BACKGROUND AND AIM: Colorectal cancer (CRC) is highly prevalent worldwide, with dietary habits being a major risk factor. We systematically reviewed and meta-analysed the observational evidence on the association between CRC and dietary patterns (DP) derived from principal component analysis. DESIGN: PRISMA guidelines were followed. Web of Science, Medline/PubMed, EMBASE, and The Cochrane Library were searched to identify all eligible papers published up to the 31st July 2017. Any pre-defined cancer of the colon was included, namely colon-rectal cancer (CRC), colon cancer (CC), rectal cancer (RC), or proximal and distal CC, if available. Western (WDP) and prudent (PDP) dietary patterns were compared as a proxy to estimate "unhealthy" (Rich in meat and processed foods) and "healthy" diets (containing fruits or vegetables), respectively. Meta-analyses were carried out using random effects model to calculate overall risk estimates. Relative risks (RR) and 95% confidence intervals were estimated comparing the highest versus the lowest categories of dietary patterns for any of the forms of colon cancer studied. RESULTS: 28 studies were meta-analysed. A WDP was associated with increased risk of CRC (RR 1.25; 95% CI 1.11, 1.40), and of CC (RR 1.30; 95% CI 1.11, 1.52). A PDP was negatively associated with CRC (RR 0.81; 95% CI 0.73, 0.91). Sensitivity analyses showed that individuals from North-and South-American countries had a significantly higher risk of CRC than those from other continents. CONCLUSION: A PDP might reduce the risk of CRC. Conversely, a WDP is associated with a higher risk of disease.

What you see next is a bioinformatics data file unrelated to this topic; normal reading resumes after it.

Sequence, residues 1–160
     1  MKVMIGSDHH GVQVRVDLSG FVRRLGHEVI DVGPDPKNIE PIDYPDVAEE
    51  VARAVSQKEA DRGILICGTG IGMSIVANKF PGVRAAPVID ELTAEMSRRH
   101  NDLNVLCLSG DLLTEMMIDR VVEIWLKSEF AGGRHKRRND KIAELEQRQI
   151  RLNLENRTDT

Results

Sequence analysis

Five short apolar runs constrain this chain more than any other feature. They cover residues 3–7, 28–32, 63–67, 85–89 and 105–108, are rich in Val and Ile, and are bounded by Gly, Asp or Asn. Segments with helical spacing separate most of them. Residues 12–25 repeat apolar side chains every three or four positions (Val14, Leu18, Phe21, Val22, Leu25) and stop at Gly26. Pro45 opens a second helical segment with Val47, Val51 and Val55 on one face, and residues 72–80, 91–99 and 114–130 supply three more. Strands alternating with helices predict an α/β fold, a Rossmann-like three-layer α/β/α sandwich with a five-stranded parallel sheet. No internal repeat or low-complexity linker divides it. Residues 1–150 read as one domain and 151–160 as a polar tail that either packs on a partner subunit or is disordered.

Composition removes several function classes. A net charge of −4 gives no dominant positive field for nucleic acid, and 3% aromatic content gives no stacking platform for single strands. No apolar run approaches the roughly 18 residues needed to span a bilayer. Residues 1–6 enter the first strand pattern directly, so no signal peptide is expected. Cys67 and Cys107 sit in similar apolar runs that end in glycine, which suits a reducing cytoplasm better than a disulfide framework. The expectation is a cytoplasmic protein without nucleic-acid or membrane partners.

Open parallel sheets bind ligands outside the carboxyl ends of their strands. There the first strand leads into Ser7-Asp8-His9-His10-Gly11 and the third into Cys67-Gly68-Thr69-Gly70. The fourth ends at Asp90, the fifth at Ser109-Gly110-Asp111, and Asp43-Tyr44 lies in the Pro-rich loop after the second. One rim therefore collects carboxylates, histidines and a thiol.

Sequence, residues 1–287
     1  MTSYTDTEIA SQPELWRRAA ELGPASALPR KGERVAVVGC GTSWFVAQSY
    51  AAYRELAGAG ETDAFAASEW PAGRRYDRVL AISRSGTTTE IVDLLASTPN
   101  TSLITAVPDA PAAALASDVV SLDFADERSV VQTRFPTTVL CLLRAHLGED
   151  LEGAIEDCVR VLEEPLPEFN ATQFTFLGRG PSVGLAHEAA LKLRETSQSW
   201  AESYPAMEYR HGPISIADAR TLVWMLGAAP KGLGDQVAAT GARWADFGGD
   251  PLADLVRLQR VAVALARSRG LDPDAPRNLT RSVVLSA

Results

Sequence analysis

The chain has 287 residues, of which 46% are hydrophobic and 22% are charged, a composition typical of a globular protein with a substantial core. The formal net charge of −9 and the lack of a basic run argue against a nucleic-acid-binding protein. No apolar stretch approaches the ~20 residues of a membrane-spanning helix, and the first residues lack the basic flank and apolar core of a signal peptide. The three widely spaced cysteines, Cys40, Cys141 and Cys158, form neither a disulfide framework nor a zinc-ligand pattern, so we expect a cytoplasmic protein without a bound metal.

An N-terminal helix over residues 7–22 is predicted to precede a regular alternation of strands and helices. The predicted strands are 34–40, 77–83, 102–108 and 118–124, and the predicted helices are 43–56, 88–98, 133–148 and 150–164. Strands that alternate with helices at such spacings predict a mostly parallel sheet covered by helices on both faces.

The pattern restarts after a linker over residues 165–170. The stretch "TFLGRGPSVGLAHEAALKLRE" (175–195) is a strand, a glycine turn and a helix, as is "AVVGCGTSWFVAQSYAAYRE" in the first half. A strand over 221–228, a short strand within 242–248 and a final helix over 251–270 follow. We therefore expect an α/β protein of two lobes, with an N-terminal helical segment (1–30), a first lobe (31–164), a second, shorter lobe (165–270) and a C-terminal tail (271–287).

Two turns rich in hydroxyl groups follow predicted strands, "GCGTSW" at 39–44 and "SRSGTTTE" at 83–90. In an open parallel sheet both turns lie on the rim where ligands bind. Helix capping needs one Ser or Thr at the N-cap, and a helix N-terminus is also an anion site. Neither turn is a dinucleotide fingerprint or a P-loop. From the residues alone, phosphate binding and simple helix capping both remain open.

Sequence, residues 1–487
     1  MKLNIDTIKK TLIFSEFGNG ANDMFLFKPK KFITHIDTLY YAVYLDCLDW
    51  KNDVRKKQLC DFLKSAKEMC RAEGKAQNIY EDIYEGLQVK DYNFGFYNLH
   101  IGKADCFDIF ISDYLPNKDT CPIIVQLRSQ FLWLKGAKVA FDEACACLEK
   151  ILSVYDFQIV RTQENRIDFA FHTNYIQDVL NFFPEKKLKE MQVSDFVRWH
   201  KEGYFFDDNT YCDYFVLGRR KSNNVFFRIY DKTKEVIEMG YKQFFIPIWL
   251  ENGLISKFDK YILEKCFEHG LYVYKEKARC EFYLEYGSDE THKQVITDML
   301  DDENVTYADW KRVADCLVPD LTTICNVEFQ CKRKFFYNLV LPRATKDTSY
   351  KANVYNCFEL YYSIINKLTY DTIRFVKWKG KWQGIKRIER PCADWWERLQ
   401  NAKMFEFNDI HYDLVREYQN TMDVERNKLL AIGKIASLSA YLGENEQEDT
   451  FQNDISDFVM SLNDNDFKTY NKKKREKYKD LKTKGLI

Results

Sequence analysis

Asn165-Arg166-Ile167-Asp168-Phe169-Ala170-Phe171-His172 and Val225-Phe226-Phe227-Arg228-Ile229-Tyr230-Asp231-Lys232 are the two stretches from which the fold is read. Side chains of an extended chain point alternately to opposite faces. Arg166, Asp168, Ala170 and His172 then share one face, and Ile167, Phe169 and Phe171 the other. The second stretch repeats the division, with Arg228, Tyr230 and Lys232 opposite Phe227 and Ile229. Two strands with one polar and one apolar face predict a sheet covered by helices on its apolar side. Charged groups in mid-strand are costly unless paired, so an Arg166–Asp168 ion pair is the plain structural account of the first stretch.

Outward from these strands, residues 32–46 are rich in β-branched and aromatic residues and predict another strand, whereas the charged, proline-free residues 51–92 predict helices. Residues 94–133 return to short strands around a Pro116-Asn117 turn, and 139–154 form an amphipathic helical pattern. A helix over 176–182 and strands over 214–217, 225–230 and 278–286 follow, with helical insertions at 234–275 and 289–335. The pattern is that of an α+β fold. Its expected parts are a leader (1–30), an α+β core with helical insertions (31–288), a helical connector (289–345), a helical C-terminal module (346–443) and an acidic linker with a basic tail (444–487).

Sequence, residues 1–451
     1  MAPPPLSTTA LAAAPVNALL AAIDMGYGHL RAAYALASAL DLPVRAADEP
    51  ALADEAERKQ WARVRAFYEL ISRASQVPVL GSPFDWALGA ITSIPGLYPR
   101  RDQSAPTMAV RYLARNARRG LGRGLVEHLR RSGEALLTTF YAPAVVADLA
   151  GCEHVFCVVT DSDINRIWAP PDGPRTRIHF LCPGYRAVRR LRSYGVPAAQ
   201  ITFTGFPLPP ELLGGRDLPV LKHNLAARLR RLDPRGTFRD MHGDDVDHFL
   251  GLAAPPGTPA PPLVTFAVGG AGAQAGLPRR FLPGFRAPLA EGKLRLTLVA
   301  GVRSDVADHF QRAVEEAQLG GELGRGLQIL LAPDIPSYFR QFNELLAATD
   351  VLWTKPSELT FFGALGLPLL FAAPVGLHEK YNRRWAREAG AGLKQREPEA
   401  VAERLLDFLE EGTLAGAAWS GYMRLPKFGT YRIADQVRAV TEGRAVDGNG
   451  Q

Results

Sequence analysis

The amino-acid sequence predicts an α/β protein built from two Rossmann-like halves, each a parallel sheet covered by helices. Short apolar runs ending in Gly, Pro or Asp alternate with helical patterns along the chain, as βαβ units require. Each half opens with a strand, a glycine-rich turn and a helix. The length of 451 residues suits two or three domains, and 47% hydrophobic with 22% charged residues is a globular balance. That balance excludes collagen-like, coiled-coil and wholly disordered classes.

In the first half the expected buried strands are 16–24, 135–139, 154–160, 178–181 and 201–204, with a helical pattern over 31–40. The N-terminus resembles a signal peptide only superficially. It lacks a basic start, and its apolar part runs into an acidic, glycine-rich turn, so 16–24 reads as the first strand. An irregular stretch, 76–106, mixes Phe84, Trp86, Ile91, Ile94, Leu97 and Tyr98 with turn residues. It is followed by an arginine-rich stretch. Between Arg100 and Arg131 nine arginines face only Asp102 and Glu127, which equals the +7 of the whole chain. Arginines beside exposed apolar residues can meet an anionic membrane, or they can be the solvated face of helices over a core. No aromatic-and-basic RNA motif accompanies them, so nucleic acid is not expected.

Assuntos
Neoplasias Colorretais/epidemiologia , Dieta/métodos , Dieta/estatística & dados numéricos , Humanos , Análise de Componente Principal , Medição de Risco
4.
JAMA ; 316(11): 1181-1192, 2016 Sep 20.
Artigo em Inglês | MEDLINE | ID: mdl-27654604

RESUMO